Using Context Events in Neural Network Models for Event Temporal Status Identification

10/12/2017 ∙ by Zeyu Dai, et al. ∙ Texas A&M University 0

Focusing on the task of identifying event temporal status, we find that events directly or indirectly governing the target event in a dependency tree are most important contexts. Therefore, we extract dependency chains containing context events and use them as input in neural network models, which consistently outperform previous models using local context words as input. Visualization verifies that the dependency chain representation can effectively capture the context events which are closely related to the target event and play key roles in predicting event temporal status.

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1 Introduction

Event temporal status identification aims to recognize whether an event has happened (PAST), is currently happening (ON-GOING) or has not happened yet (FUTURE), which can be crucial for event prediction, timeline generation and news summarization.

Our prior work Huang et al. (2016)

showed that linguistic features, such as tense, aspect and time expressions, are insufficient for this challenging task, which instead requires accurate understanding of composite meanings from wide sentential contexts. However surprisingly, the best performance for event temporal status identification was achieved by a Convolutional Neural Network (CNN) running on local contexts (seven words to each side) surrounding the target event

Huang et al. (2016).

Considering the following sentence with a future event “protest”:

(1) Climate activists from around the world will launch a hunger strike here on Friday, describing their protest (FU) as a “moral reaction to an immoral situation” in the face of environmental catastrophe.

The local context “describing” may mislead the classifier that this is an on-going event, while the actual future temporal status indicative words, “will launch”, appear nine words away from the target event mention “protest”. Clearly, the local window of contexts is filled with irrelevant words, meanwhile, it fails to capture important temporal status indicators. However, as shown in figure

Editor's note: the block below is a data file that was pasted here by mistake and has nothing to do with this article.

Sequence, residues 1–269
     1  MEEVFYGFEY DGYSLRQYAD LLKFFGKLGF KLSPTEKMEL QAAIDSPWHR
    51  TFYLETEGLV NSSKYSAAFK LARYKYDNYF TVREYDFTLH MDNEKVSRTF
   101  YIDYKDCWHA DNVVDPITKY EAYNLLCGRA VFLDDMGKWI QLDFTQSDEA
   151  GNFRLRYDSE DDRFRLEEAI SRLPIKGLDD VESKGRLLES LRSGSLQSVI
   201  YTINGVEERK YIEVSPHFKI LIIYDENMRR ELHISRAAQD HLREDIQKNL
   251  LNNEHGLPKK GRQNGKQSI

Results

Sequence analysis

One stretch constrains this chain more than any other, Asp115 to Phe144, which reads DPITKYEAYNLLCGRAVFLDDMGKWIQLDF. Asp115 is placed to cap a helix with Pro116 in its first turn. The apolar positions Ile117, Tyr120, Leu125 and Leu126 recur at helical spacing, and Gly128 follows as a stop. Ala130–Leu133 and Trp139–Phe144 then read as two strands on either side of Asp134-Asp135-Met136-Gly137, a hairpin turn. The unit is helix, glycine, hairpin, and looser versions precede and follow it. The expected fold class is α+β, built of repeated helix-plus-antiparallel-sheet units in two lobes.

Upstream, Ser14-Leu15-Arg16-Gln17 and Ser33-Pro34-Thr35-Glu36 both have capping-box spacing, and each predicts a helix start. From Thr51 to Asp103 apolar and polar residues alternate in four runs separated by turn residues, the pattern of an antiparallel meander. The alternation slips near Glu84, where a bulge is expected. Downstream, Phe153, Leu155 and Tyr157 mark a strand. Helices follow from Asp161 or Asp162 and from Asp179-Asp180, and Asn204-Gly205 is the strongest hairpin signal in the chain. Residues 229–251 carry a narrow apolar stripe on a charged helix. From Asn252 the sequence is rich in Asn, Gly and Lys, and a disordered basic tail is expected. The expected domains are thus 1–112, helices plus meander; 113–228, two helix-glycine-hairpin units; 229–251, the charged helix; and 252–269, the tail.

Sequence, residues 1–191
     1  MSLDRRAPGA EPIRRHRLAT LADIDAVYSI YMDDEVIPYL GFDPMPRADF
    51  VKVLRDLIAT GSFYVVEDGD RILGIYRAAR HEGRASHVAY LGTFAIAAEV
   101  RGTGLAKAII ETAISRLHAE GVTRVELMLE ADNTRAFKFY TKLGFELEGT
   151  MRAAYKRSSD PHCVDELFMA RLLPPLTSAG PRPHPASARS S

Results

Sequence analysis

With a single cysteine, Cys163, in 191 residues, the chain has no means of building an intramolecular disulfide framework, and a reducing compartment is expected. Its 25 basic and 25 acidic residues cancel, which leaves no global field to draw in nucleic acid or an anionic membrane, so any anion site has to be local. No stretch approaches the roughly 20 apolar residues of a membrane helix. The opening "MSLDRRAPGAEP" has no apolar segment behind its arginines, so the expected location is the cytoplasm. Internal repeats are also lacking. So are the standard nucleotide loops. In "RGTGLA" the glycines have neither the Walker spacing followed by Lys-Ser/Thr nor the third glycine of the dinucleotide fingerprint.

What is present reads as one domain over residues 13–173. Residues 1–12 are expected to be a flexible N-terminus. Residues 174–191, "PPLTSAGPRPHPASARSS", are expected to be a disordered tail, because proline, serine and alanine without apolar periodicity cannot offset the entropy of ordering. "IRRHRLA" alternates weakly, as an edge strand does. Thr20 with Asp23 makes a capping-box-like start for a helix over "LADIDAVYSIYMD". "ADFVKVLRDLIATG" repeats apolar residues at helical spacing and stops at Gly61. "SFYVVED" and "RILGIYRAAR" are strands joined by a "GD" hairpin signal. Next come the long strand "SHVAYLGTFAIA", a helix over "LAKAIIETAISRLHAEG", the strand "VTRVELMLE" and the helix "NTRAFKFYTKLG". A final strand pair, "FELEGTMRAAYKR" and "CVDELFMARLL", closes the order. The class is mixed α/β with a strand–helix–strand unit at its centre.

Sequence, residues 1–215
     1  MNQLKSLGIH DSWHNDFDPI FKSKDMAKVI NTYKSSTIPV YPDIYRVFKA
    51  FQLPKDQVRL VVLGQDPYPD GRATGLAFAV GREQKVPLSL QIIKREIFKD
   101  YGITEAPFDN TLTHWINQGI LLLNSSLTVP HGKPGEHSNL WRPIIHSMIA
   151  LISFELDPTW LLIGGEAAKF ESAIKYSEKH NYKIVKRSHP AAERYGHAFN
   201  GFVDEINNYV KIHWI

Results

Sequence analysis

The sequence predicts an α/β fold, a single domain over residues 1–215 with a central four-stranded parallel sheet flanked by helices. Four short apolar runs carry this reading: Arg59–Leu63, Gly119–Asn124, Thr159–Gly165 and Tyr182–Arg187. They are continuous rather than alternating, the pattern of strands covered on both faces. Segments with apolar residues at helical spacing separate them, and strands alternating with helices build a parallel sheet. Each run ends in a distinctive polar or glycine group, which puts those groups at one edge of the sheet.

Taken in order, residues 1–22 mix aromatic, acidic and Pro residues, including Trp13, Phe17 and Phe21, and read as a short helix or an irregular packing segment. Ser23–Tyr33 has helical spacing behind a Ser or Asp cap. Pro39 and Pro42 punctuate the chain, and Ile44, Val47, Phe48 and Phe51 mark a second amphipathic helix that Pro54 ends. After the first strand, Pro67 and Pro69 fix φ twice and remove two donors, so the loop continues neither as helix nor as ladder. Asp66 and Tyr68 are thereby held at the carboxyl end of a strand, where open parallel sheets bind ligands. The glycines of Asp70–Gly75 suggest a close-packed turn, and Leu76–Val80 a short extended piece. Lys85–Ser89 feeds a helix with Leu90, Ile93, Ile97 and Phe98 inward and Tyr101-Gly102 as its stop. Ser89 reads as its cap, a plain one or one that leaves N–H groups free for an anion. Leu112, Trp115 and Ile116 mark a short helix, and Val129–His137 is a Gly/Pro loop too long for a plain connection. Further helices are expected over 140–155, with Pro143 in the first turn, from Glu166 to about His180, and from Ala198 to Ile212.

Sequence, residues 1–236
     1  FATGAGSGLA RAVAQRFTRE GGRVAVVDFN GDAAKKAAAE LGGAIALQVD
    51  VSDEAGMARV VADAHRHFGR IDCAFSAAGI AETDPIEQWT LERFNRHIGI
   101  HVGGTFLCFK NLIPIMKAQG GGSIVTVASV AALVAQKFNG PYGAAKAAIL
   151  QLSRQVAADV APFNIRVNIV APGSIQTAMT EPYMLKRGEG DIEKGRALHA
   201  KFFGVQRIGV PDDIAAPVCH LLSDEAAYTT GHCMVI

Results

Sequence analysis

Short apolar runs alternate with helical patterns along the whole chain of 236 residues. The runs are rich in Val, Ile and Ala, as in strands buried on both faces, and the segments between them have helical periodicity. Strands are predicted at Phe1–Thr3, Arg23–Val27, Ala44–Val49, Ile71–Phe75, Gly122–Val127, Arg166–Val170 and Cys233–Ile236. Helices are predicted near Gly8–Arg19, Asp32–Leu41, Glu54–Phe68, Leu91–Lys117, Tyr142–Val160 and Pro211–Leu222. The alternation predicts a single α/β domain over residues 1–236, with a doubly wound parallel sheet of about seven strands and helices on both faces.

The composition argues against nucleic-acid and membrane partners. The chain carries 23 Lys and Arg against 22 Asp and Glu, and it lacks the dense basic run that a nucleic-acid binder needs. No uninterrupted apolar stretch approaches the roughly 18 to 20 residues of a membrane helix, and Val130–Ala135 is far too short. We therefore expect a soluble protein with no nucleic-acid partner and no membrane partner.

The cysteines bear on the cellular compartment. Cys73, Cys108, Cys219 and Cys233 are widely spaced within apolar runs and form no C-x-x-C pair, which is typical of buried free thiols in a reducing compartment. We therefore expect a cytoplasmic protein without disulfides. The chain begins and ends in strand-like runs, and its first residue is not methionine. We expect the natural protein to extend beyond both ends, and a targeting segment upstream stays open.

1, the event “launch” is actually a high order indirect governor word of the target event word “protest” and is only two words away from the target event in the dependency tree. Indeed, we observed that the temporal status indicators are often words that syntactically govern or depend on the event mention at all levels of a dependency tree. Furthermore, we observed that higher level governing words in dependency trees frequently refer to events as well, which are closely related to the target event and useful to predict its temporal status.

Figure 1: The dependency parse tree for the example (1). The blue and bold edges show the extracted dependency chain for the target event “protest” (in circle).

Following these observations, we form a dependency chain of relevant contexts by extracting words that appear between an event mention and the root of a dependency parse tree as well as words that are governed by the event mention. Then we use the extracted dependency chain as input for neural network classifiers. This is an elegant method to capture long-distance dependency between events within a sentence. It is known that a verb and its direct or indirect governor can be far away in a word sequence if modifiers such as adjectives or clauses lie in between, but they are adjacent in the parse tree.

Experimental results using two neural network models (i.e., LSTMs and CNNs) show that classifiers with dependency chains as input can better capture temporal status indicative contexts and clearly outperform the ones with local contexts. Furthermore, the models with dependency chains as input outperform a tree-LSTM model in which the full dependency trees are used as input. Visualization reveals that it is much easier for neural net models to identify and concentrate on the relevant regions of contexts using the dependency chain representation, which further verifies that additional event words in a sentential context are crucial to predict target event temporal status.

2 Related Work

Constituency-based and dependency-based parse trees have been explored and applied to improve performance of neural nets for the task of sentiment analysis and semantic relation extraction 

Socher et al. (2013); Bowman and Potts (2015); Tai et al. (2015). The focus of these prior studies is on designing new neural network architectures (e.g., tree-structured LSTMs) corresponding to the parse tree structure. In contrast, our method aims at extracting appropriate event-centered data representations from dependency trees so that the neural net models can effectively concentrate on relevant regions of contexts.